The Parkinson's Disease Foundation estimates that as many as one million Americans suffer from Parkinson's disease and 60,000 new patients are diagnosed each year. Between seven to ten million people are affected by Parkinson's around the world. Medication costs per person are believed to be around $2,500 each year and the total economic impact is estimated to be around $25 billion in the US alone. Boxing legend Muhammed Ali established the Muhammed Ali Parkinson Center for diagnosis, therapy and research and has raised millions of dollars to find a preventive cure for the dreaded disease. There is immense scope for a company that is able to find a preventive treatment for Parkinson's which is encouraging many small and large bio-tech firms to invest in research and development.
A brief overview
Certain neurons in the part of the human brain called substantia nigra are responsible for producing a chemical called dopamine which aids in controlled muscle movement. The death of these neurons leads to a deficiency of dopamine further leading to erratic muscle movement. An early symptom of Parkinson's is a resting tremor, i.e. a small tremor in the affected body part when it is not performing action. As the disease progresses, it leads to muscle stiffness and rigidity making everyday activities difficult to perform. Though we know that the lack of dopamine is the primary cause for Parkinson's, it is not known what exactly causes the death of dopamine-producing neurons. Parkinson's UK, a research and support charity, is funding more than 40 different studies to answer this question.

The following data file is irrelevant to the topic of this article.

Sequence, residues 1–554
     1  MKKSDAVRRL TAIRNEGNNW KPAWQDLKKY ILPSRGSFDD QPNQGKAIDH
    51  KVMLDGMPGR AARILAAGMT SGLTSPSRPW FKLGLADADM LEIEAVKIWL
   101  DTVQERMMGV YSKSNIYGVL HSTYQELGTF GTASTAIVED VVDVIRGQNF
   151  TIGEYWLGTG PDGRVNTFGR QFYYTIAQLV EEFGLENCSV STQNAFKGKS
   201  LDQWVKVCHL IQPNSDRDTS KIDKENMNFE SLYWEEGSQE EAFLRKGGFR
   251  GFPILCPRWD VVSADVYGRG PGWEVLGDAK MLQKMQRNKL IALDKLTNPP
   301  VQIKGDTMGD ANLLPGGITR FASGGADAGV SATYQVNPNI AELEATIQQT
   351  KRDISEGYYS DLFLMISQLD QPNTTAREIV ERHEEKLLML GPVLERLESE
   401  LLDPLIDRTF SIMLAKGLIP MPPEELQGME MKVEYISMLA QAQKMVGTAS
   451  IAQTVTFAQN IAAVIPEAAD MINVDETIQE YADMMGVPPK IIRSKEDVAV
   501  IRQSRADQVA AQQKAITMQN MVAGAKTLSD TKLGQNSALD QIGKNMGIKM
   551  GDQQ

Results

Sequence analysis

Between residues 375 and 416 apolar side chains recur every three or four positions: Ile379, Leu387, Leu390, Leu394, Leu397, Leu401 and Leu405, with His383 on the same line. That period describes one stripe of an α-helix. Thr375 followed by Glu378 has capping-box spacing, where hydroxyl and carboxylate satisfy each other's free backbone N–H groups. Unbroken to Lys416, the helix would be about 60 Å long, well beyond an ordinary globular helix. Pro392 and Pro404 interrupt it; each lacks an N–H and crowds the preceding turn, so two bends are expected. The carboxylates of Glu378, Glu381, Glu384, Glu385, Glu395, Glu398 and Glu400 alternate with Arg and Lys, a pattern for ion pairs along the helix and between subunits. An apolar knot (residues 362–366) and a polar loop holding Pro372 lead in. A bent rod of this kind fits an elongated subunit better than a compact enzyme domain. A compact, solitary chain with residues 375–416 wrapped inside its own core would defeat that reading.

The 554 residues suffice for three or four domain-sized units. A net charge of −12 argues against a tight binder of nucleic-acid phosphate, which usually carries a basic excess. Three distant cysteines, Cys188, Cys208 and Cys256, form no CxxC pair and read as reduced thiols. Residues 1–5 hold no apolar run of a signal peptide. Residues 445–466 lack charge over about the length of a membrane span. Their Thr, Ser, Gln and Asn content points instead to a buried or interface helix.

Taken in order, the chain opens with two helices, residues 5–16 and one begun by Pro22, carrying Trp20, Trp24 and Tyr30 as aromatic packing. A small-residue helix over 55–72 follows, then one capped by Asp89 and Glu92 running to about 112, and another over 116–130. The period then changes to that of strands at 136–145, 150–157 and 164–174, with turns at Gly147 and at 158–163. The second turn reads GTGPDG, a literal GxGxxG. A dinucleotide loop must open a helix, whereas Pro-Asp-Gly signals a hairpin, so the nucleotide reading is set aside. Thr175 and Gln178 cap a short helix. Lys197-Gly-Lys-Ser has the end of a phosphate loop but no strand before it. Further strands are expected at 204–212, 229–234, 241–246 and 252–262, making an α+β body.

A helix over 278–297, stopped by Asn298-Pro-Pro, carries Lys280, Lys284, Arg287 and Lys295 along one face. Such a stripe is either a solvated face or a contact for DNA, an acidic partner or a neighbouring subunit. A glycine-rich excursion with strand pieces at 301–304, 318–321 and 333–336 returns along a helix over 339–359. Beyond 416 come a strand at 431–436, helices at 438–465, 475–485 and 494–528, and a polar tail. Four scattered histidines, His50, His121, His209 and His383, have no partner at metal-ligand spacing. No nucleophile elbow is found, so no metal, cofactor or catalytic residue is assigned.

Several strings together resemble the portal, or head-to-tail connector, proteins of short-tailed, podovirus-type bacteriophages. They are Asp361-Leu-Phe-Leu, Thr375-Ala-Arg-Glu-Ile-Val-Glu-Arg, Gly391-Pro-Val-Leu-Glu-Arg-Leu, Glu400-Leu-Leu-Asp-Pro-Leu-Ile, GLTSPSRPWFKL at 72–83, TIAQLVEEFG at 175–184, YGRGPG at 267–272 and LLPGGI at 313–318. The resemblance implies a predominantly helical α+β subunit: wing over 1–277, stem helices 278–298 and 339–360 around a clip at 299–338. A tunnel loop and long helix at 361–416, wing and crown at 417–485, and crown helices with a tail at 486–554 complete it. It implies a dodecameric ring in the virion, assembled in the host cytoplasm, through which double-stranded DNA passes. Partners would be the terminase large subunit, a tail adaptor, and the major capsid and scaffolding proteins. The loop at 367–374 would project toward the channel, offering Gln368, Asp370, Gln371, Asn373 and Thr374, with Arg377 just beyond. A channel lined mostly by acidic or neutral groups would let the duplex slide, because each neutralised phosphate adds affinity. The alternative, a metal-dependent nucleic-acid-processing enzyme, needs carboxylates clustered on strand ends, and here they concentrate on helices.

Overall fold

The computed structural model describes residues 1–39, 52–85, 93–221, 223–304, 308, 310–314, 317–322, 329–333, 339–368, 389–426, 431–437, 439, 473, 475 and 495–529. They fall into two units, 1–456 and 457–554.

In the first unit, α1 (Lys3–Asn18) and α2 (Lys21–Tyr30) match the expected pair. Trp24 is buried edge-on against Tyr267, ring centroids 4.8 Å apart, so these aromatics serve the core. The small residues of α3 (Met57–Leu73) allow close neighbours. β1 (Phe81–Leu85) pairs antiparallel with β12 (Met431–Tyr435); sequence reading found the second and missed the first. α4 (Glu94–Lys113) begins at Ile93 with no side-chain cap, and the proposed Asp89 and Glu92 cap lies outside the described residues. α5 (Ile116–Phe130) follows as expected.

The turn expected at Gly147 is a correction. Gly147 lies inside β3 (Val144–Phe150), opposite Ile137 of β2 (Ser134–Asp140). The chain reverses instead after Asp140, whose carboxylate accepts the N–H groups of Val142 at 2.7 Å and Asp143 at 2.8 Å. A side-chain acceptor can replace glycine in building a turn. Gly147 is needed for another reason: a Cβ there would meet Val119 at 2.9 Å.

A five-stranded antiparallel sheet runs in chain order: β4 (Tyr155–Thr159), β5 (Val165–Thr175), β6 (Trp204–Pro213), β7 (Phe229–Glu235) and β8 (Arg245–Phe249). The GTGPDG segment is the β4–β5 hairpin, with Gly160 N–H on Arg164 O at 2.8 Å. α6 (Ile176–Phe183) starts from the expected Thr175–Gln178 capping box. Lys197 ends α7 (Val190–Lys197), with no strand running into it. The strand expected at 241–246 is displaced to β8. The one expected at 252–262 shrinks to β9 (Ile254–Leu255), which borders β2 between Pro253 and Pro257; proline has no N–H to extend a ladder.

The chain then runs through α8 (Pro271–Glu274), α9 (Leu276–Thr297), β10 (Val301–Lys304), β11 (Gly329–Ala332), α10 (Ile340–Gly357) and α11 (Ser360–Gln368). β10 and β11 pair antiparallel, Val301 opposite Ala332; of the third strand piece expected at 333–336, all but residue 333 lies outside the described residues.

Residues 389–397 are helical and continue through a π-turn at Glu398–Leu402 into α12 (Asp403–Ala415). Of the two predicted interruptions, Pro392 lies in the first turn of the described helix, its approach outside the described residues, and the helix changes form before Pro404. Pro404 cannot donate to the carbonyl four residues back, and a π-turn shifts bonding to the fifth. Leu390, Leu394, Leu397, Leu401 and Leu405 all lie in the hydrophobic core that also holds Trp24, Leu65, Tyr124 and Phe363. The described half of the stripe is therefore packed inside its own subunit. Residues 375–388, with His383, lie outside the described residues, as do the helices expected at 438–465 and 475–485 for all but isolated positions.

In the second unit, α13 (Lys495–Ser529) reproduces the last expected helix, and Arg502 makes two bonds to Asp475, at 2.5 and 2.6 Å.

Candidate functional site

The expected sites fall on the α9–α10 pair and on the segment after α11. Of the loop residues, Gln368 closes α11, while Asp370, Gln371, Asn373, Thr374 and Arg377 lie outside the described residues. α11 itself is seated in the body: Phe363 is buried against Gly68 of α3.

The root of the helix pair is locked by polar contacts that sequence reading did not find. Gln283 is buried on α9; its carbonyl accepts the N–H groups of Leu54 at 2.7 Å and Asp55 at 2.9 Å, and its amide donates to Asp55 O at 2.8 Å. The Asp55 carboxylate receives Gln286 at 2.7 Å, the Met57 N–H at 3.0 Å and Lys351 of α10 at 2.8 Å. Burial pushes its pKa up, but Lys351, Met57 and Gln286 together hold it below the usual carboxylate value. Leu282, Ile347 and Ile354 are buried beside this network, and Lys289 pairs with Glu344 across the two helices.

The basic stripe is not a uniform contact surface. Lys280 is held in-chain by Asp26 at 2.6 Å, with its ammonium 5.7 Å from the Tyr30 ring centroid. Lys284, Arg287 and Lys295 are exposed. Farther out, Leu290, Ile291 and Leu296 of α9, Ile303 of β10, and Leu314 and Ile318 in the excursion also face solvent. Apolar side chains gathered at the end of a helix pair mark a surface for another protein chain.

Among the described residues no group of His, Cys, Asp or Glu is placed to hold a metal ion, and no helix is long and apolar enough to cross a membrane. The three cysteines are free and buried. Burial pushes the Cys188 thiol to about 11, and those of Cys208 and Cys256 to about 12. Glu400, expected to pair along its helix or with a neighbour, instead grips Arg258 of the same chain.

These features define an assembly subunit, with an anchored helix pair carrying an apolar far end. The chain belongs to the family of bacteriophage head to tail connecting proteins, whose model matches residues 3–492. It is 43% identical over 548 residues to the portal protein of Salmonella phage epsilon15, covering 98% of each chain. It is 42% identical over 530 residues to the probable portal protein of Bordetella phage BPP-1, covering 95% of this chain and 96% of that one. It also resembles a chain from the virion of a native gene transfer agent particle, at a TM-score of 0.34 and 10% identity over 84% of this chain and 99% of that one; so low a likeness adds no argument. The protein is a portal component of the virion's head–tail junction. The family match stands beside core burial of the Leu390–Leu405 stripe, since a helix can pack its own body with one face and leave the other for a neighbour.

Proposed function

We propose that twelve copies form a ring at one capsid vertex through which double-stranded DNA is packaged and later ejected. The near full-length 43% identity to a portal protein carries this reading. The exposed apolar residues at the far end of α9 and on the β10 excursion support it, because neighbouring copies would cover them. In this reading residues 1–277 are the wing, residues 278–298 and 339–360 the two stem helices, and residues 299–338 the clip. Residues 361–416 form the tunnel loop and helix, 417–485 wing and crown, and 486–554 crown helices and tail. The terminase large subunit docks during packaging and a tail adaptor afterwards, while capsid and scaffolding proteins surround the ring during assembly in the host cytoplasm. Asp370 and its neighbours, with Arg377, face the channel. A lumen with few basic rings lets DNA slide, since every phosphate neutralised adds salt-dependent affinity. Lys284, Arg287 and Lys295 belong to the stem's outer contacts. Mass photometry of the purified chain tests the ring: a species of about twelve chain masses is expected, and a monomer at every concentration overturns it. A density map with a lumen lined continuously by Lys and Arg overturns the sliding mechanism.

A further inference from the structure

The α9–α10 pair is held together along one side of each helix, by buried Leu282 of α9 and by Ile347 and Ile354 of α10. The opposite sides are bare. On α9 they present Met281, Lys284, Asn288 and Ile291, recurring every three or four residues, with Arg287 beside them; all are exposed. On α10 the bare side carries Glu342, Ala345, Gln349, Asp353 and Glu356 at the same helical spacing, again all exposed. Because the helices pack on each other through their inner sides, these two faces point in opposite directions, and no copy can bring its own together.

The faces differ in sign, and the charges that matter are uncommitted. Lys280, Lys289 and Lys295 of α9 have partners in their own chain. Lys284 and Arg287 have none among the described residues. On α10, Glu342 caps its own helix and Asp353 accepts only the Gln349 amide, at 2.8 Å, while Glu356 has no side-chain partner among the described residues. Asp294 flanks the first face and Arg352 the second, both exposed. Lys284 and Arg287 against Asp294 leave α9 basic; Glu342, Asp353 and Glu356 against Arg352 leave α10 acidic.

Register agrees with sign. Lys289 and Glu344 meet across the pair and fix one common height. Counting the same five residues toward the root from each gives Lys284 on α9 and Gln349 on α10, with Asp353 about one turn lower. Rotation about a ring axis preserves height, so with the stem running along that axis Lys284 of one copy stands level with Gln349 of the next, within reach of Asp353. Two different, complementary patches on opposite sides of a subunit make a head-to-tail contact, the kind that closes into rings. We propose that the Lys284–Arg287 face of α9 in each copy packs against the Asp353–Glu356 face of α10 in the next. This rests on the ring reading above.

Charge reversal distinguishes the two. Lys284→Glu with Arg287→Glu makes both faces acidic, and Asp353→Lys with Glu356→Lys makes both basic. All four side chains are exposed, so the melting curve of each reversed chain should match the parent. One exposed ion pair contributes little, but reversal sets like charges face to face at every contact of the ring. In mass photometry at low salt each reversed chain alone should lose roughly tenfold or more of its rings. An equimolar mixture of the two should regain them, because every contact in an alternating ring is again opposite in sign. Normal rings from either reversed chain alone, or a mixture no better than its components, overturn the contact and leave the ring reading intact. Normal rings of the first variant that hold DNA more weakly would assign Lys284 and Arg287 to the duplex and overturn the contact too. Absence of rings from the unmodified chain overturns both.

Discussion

Current treatments for Parkinson's revolve around the drug called Levodopa. The brain converts this drug to dopamine which reduces the symptoms of the disease, but does not cure it. It also does not slow the progress of the disease and the symptoms get worse over a period of time. A healthy diet, exercise, physiotherapy and occupational therapy are some other prescribed treatments.
GlaxoSmithKline plc (GSK), Merck & Co. Inc. (MRK), Novartis AG (NVS) and Teva Pharmaceutical Industries Limited (TEVA) are some of the big names that market medication to patients suffering from Parkinson's.
Adopting a completely different approach to the treatment of this condition are small biotech companies that are trying to tap the potential of stem cells or gene therapy or simple extended versions of Levodopa medication. Here I profile some companies, each with different approach, different market capitalization and different risk profiles.
International Stem Cell Corporation (OTC:ISCO)
International Stem Cell Corporation is a small biotech firm in the research stage. It focuses on using stem cells for treating diseases like Parkinson's, liver damage and cornea tissue implants. ISCO has conducted extensive research on using pluripotent stem cells which have the ability to convert to any type of cells in the body. The idea is to induce the pluripotent stem cells to convert themselves to dopamine-producing cells in the brain so that the chemical is produced naturally.